Necessity of Crown Corporations

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LCBO and the Necessity of Crown Corporations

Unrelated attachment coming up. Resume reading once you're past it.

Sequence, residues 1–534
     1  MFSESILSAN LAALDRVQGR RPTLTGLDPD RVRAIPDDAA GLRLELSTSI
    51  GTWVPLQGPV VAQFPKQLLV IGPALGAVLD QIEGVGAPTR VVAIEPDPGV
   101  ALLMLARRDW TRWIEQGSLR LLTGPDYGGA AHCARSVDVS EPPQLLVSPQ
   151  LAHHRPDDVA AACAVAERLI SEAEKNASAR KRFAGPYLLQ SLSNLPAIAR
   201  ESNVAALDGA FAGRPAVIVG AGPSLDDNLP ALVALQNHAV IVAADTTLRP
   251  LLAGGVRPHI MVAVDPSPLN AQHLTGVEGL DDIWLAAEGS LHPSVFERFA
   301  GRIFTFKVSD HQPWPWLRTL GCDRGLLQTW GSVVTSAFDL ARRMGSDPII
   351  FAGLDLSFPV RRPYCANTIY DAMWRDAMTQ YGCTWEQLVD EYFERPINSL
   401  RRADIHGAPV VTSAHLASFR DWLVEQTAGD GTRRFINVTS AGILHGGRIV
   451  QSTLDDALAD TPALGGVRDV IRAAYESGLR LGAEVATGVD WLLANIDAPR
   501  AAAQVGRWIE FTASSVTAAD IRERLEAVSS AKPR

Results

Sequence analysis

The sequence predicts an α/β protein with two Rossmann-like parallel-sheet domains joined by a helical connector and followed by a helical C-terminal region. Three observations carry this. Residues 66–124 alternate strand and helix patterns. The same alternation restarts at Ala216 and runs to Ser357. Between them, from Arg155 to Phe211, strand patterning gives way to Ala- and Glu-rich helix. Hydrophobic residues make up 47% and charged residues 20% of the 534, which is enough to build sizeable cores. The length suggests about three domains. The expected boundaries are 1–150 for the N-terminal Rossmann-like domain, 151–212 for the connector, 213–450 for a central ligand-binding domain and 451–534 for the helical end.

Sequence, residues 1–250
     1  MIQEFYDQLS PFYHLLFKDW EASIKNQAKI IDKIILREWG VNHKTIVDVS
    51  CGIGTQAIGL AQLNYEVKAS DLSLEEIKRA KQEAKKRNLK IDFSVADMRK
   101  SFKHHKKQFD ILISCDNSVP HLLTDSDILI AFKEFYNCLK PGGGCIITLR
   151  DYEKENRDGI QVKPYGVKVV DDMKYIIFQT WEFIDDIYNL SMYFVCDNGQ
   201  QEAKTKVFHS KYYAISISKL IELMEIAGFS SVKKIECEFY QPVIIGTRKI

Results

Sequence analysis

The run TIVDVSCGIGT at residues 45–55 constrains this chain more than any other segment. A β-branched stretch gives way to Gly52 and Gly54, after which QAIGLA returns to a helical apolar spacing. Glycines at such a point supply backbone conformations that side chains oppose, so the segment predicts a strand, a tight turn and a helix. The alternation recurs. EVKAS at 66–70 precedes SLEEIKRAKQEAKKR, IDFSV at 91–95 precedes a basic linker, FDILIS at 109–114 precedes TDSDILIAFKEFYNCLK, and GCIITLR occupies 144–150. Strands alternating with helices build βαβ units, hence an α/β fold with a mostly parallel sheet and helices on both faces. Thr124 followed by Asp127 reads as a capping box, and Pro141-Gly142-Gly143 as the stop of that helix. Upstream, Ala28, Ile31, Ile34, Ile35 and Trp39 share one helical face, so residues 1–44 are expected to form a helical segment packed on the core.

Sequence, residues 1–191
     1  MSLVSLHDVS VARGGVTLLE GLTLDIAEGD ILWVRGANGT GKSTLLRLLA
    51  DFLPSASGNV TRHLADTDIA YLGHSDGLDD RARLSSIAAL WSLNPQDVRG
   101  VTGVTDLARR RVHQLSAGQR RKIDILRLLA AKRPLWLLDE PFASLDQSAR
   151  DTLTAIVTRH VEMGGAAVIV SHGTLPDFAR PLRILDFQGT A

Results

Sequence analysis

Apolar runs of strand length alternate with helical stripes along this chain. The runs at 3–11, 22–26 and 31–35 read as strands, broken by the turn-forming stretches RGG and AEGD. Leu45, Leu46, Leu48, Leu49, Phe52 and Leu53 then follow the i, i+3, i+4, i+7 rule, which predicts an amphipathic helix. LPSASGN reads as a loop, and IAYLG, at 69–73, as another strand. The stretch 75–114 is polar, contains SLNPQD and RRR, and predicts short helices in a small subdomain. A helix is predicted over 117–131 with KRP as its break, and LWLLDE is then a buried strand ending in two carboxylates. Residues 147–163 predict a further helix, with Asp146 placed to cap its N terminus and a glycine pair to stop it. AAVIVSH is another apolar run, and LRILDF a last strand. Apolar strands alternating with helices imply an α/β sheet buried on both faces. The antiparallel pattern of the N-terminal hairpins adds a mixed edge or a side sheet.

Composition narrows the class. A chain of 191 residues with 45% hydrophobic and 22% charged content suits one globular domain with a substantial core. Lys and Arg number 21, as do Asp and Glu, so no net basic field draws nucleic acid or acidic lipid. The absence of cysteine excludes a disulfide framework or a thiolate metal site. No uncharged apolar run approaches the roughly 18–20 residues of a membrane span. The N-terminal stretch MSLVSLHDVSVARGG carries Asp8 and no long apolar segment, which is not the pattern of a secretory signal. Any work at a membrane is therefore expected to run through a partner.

Public administration has always been a reality; from the Roman Empire to Chinese Empire there is an extensive history of the government controlling constituents through institutions. In modern history important leaders, such as Woodrow Wilson, have demanded for an extensive study of public administration reasoning that efficiency would follow if there was a greater understanding of public policy (Wilson, 1887). In this examination of public administration academics seek to determine the beginning of public policy, however, it is not a clear as there are many actors affecting public policy. Academics work toward differentiating the significant aspects of the actors from the insignificant ones through specific theoretical approaches such as positivism. The underlying principle of positivism “is precisely its postulate that scientific knowledge is the paradigm of valid knowledge, a postulate that indeed is never proved nor intended to be proved” (Larrain, 1979). Using this ideological framework and taking excessively from economics without giving due credit, academics begin explaining public policy as a result of market failure (Pigou, 1932) (Weimer, 1992). Market failure in public policy can be described as the idea that the government puts in policy when the market cannot provide a service or lacks the will to provide a service. This broad definition of market failure was then wilted down to several different types: public goods, externalities, natural monopolies, imperfect information, common pool goods, and destructive competition. Many academics argue over labels, but most agree upon these (Michael Howlett, 2009). To deal with these market failures the government has many tools at its disposal such as the taxonomy that Christopher Hood created to categorize these tools into groups in the NATO (Hood, 1986). NATO stands for Nodality, Authority, Treasury, and Organizations; Nodality being the information resources of government, authority their right to punish or restrict, and treasury refers to their ability to spend but also tax. Organizations, including the bureaucracy itself, are other institutions that falls under this category of crown corporations. Crown Corporations, the Canadian title for state owned corporations, state enterprise, or publicly owned corporation, are organizations which are owned by one of the three levels of government to some degree. This definition causes conflict within academic circles as to which companies fall under the title of “Crown Corporations” because it is difficult to determine what percentage the government would own to garner this title. Companies such as General Motors of Canada, Limited might fall under public enterprise if a public enterprise only needs a small percentage of state ownership. The protocol because of this uncertainty has been the government must own a majority of the company to be a Crown Corporation, whether that be by 1 percent or 99 percent (Michael Howlett, 2009). The companies entitled “Crown Corporation” usually provide a good or service for sale unlike their counter parts in the bureaucracy. Although the government has a place on the Board of Directors of many of these Crown Corporations, the control that the government has over their operations is not that forceful (Walsh, 1978). Crown Corporations which exemplify this relaxed relationship of control are ones such as the Canadian Broadcasting Corporation (CBC), which runs news articles that are very critical of the government in power, and the Bank of Canada, which can change fiscal policy to the detriment of government such as raising the National Interest Rate even if the government has amassed large sums of debt. Crown Corporations are a historical staple of Canada’s evolution from a British Colony to a First World Country with a large mixed economy relative to its size. These endeavours fall under the title “Nation Building” and these services essentially...
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